I’m going to use an extreme scenario to illustrate my argument. Let’s say dirt is dug up on Stan Lee, the creator of most Marvel characters owned by Disney, and someone who is still involved with the MCU (note his cameo in every film). Let’s imagine this dirt is something worse than Gunn’s offenses, although not a Kevin Spacey- or Harvey Weinstein-level offense. Let’s imagine something in the Roseanne or Chris Hardwick range, where we learn his mind is not as clean as the fallen snow or that he’s had a bad (but consensual) relationship with a woman.
At that point, Disney has two horrible options: It can halt the MCU, saying that it can no longer do business with someone who has violated its moral values. Or it can continue to make movies about Lee’s characters and prove to the world that the Mouse House is colossally hypocritical. In all honesty, Disney would probably find some middle ground where it looks like it is distancing itself from Lee while still making MCU movies. And it’d get away with it at least to the degree that the films would still be successful.
Nonetheless, I believe the Gunn firing marks the start of a sea change, and I’m here to argue that while it sucks for “Guardians” fans, it’s a good thing for fans of good movies in the long run. Here’s my reasoning: If Disney welcomes only the squeakiest of squeaky-clean people under its tent, then a lot of the most creative people in Hollywood will not be welcome there, and Disney products will get progressively safer — and gradually worse.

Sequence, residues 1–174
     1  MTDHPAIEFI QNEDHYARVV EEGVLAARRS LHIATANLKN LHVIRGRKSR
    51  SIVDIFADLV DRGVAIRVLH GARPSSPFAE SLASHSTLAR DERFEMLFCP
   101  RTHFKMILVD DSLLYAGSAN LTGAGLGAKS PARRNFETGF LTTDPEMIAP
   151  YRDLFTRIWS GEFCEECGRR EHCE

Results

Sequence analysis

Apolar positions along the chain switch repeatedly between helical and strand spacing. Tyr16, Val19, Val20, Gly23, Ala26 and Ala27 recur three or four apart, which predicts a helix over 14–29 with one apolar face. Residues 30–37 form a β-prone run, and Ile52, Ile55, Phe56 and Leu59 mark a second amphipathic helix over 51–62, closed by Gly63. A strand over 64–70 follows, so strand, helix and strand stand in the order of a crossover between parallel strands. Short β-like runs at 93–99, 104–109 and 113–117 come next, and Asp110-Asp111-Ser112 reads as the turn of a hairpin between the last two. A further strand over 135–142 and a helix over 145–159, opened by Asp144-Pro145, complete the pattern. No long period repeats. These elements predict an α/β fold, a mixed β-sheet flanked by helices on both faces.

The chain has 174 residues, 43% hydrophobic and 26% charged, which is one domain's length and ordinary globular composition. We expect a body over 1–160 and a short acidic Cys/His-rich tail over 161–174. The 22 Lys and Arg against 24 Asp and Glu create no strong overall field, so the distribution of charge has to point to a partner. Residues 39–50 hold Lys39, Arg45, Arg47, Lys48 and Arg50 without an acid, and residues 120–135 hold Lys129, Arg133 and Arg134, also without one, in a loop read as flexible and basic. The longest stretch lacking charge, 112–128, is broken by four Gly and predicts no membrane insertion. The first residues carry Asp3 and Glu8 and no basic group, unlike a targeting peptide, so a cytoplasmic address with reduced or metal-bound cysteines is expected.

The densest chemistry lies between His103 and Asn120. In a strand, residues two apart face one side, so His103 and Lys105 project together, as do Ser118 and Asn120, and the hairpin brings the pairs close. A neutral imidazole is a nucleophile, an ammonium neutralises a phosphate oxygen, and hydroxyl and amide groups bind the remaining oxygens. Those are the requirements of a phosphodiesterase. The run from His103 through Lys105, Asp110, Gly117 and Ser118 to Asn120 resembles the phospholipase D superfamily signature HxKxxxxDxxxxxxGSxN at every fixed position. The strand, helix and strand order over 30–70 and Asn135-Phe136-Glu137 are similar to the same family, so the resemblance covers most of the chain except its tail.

The non-squeaky-clean creative people will still be making films, because the Gunn petition shows there is a massive audience for films by talented people who have a checkered past (so long as they aren’t outright monsters). Since they won’t get hired to helm Disney’s blockbuster franchises, this class of people will be forced to go elsewhere. It’s possible that another big studio will want these folks for their blockbusters, but it’s not likely; all entrenched corporations play it safe.
So I’m thinking small studios or outright indie features. These creative projects will be lower budget; we’ll have to get used to that. But it’s not the worst thing ever for filmmakers to be challenged. “Star Wars: A New Hope,” for example, did amazing, groundbreaking things with a small budget.
Disney has been the industry leader in this current decade of franchise adaptations, remakes, sequels, spinoffs … in other words, non-original ideas. A lot of these blockbusters have been fun (I adore the MCU, as you can tell from my reviews), but mainstream entertainment connoisseurs are starting to question where the original ideas are, in both movies and TV.
I predict the 2020s will mark the return of originality. It was due to happen anyway, but Disney sped up the sea change by firing Gunn and making a clear statement that it is shrinking the size of its creative tent: People with checkered pasts need no longer apply. So they’ll go elsewhere, as will their fans.